The Beavercreek Florist, 2173 N. Fairfield Road, has reopened after the Memorial Day tornado damaged the building and knocked power out in the area. CONTRIBUTED
Photo: Wilson, Richard (CMG-Dayton)
Photo: Wilson, Richard (CMG-Dayton)

Some Beavercreek businesses reopen after tornado: What we know now

Some businesses along North Fairfield Road in Beavercreek have reopened a week after the devastating EF-3 tornado ripped apart buildings in this busy commercial sector of the community.

“Everyone who can be open is open,” said Amanda Byers, president/CEO of the Beavercreek Chamber of Commerce. “There are some temporary occupancy permits that are being issued for certain businesses.”

About 20 restaurants remain closed because of extensive damages to their buildings. This includes North Fairfield Road eatery Primanti Bros.

Volunteers helping after tornado destroys Beavercreek farm

Chick-fil-A reopened today, June 6.

>> Beavercreek Chick-fil-A reopens 10 days after tornadoes

“The damage we suffered was significant, which led to a 10-day closure, but what we sustained pales in comparison to some of our neighbors,” a spokeswoman for the Chick-fil-A at 2360 N. Fairfield Road told this news outlet. “We are grateful for all the concern and support we’ve received, but we want to remember those who will be dealing with the aftermath of the tornado for months, or even years, to come.”

City BBQ reopened when power was restored Thursday evening. Manager Jose Garduno said they enjoyed busy times over the weekend, but he expects business will be slow as people continue to clean-up their properties and get their homes repaired.

“We were one of the lucky restaurants,” Garduno said.

Nearby Target reopened Friday, and the store received a milk delivery on Monday, but other cold foods and beverages are not yet available.

Beavercreek Florist, a few blocks south on North Fairfield, was also able to reopen on Friday after getting power restored, as well as phone and internet services.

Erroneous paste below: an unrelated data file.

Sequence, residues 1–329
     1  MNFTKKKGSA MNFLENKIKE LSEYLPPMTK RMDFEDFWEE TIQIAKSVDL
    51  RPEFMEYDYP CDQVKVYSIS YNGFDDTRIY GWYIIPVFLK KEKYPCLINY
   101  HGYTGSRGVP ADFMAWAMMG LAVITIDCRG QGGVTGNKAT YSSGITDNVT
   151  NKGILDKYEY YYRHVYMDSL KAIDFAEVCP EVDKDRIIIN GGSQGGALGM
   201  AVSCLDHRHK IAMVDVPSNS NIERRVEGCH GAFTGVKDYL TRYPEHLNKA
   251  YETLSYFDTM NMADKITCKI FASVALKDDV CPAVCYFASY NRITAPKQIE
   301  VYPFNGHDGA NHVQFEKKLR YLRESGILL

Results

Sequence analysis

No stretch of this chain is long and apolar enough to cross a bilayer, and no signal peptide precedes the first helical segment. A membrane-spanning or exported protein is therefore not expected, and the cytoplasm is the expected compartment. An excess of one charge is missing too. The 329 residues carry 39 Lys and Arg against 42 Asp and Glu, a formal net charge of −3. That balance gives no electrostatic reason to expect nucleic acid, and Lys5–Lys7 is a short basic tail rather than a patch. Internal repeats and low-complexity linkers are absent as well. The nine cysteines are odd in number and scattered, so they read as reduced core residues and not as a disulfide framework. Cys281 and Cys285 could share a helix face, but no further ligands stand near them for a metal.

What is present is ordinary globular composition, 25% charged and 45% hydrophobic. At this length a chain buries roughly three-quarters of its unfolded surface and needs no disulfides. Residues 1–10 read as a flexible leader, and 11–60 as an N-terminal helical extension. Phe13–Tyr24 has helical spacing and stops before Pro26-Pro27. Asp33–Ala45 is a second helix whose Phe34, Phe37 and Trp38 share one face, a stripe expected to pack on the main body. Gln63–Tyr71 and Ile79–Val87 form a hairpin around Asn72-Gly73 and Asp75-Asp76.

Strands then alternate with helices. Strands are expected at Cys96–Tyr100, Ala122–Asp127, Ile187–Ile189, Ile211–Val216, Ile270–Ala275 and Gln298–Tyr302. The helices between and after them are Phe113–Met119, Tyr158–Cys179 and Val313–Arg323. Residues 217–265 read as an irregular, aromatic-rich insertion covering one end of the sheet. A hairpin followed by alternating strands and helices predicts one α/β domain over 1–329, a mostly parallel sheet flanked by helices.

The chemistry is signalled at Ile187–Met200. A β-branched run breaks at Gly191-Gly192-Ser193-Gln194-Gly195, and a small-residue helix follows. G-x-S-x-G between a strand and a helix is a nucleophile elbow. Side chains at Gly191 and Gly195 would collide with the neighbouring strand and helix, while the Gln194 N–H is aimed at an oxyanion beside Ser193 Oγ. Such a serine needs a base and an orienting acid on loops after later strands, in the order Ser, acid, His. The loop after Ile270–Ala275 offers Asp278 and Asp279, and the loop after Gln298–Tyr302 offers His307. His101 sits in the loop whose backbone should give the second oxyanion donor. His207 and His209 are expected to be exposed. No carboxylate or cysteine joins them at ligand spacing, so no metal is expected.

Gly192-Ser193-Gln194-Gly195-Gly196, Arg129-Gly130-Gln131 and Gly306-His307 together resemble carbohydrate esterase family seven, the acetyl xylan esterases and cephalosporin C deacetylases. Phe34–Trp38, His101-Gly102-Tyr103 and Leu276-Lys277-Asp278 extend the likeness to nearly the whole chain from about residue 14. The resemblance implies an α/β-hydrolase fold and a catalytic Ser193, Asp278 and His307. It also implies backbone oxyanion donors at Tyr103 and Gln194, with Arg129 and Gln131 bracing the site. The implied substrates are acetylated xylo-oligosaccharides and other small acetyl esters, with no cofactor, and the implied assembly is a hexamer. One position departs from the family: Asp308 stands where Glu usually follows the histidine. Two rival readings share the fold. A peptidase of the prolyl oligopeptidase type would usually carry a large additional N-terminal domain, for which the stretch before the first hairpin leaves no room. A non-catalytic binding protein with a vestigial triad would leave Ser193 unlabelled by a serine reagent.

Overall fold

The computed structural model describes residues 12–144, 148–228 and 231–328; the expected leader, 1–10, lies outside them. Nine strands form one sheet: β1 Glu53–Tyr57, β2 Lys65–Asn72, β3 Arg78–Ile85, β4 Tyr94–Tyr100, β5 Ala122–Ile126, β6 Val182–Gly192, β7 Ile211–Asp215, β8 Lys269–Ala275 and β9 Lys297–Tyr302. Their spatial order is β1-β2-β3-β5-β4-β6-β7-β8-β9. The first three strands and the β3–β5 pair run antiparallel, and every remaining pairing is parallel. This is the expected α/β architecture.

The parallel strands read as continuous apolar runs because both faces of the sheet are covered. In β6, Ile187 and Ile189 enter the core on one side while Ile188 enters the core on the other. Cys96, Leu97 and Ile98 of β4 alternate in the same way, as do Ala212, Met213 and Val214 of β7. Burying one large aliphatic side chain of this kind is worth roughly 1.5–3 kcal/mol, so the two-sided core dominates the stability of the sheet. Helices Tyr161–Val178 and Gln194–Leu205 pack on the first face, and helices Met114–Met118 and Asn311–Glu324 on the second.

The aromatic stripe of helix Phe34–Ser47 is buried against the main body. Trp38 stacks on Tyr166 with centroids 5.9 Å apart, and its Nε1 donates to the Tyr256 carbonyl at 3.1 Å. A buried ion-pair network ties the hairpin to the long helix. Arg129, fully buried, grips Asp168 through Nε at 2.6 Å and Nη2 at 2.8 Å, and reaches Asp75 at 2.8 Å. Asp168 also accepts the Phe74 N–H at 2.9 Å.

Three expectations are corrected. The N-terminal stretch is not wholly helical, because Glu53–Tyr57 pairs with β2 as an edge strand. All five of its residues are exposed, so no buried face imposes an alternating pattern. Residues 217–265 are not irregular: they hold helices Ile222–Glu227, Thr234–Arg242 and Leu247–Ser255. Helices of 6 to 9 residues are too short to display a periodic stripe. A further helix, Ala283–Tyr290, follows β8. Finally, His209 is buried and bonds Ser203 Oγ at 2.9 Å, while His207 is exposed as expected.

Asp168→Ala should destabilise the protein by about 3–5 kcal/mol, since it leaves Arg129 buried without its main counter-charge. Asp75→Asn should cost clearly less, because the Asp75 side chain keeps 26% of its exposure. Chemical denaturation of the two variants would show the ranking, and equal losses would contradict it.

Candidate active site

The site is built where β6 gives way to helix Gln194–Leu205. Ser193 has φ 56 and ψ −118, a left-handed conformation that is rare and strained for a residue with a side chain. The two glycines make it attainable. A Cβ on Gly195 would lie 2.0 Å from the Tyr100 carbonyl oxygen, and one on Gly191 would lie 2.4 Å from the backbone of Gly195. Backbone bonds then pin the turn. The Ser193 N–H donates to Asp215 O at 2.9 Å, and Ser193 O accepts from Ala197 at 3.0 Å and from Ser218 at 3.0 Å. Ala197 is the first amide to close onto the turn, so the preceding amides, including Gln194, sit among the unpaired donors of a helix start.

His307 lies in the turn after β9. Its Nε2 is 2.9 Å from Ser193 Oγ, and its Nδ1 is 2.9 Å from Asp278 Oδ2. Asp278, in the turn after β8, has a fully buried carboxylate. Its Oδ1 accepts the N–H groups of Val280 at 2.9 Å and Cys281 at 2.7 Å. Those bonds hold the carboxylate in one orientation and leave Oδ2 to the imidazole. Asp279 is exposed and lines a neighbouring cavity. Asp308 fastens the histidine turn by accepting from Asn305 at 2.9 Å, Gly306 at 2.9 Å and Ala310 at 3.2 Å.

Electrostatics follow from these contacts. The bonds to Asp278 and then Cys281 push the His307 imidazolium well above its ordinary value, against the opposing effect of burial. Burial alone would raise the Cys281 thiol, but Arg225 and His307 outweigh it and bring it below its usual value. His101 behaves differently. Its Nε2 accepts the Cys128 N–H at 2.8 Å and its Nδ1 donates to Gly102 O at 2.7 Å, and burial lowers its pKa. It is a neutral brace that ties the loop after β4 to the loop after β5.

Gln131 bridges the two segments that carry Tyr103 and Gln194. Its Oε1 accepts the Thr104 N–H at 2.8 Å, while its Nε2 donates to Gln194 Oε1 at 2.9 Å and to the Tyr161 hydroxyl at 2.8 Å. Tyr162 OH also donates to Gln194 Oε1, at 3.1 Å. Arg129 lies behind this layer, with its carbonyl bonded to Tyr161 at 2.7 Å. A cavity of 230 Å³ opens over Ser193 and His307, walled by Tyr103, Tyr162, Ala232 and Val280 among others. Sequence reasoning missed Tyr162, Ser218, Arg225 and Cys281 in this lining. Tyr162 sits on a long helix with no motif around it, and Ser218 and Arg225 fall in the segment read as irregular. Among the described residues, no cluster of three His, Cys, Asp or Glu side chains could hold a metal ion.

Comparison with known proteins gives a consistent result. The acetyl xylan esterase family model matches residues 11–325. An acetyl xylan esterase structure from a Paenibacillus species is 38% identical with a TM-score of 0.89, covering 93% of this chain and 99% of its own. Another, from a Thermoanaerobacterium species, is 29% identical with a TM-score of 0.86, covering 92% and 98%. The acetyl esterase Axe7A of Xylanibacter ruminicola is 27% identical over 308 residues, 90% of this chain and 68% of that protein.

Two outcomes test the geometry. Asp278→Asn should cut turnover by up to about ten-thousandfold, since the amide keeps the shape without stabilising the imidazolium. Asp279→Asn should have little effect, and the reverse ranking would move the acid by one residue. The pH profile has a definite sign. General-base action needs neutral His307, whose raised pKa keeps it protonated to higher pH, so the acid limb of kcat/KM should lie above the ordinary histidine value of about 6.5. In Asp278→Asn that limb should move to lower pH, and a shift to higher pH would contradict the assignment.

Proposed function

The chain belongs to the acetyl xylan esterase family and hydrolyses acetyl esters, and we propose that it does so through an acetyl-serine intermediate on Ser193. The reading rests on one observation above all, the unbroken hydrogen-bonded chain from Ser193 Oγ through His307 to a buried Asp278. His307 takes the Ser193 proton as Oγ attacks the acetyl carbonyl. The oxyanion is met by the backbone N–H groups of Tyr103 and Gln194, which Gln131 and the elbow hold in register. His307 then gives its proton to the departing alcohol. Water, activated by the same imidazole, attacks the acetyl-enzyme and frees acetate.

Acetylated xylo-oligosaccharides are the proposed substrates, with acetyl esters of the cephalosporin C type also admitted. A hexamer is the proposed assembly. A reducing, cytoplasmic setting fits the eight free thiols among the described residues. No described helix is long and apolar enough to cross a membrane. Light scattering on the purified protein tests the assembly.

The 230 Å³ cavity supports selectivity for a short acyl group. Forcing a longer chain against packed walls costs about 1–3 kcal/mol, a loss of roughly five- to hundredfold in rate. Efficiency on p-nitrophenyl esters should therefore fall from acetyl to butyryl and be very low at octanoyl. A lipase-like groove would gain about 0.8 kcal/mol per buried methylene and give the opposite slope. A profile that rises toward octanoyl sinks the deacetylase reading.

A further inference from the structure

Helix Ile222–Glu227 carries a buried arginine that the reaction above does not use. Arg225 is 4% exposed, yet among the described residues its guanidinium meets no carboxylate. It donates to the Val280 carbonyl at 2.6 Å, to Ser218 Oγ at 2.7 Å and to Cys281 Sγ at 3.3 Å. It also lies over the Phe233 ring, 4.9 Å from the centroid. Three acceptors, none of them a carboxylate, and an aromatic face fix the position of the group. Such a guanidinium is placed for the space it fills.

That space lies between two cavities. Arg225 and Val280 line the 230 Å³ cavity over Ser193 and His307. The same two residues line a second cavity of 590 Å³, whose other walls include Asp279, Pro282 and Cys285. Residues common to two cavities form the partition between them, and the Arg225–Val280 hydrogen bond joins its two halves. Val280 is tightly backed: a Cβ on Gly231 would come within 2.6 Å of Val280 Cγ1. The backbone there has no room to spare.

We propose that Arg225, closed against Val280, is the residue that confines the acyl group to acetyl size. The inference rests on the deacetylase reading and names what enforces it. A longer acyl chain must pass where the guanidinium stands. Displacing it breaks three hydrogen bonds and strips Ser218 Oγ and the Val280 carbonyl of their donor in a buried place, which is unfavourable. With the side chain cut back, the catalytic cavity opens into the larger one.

RELATED: Barr Family Farm is hit by two tornadoes since April 2018

“Being a florist, phone and internet service is pretty important to us,” said owner Tom Hamilton.

Hamilton’s buildings sustained damages to the chimney and windows were blown out of the delivery vehicle. A steel flag pole that was set in concrete and installed last year, was noticeably bent from the tornado’s 140 mph winds.

“It’s going to effect us for quite some time,” he said.

Power has been restored to all but 95 customers in Greene County, and most of those outages are residential, according to DP&L.

Byers said residents need to be aware that scams and bad business deals could become more common as people reach out to contractors for repair work.

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Use local companies and check with the Better Business Bureau as well as the Chamber, Byers advised, to avoid “storm chasers” who may not deliver as promised.

“Residents are starting to reach out to get contractors to get quotes for their homes. The chamber member list is a good place to start,” she said.

County agencies met Monday afternoon to discuss priorities and what each department is working on. Officials said representatives from the Federal Emergency Management Agency this week are expected to visit and assess areas damaged by the tornadoes that struck the Miami Valley on Memorial Day night.

Cases of water are still being handed out to residents. Be Hope Church, 1850 N. Fairfield Road, is designated as a central place for donations and coordinating volunteer efforts.


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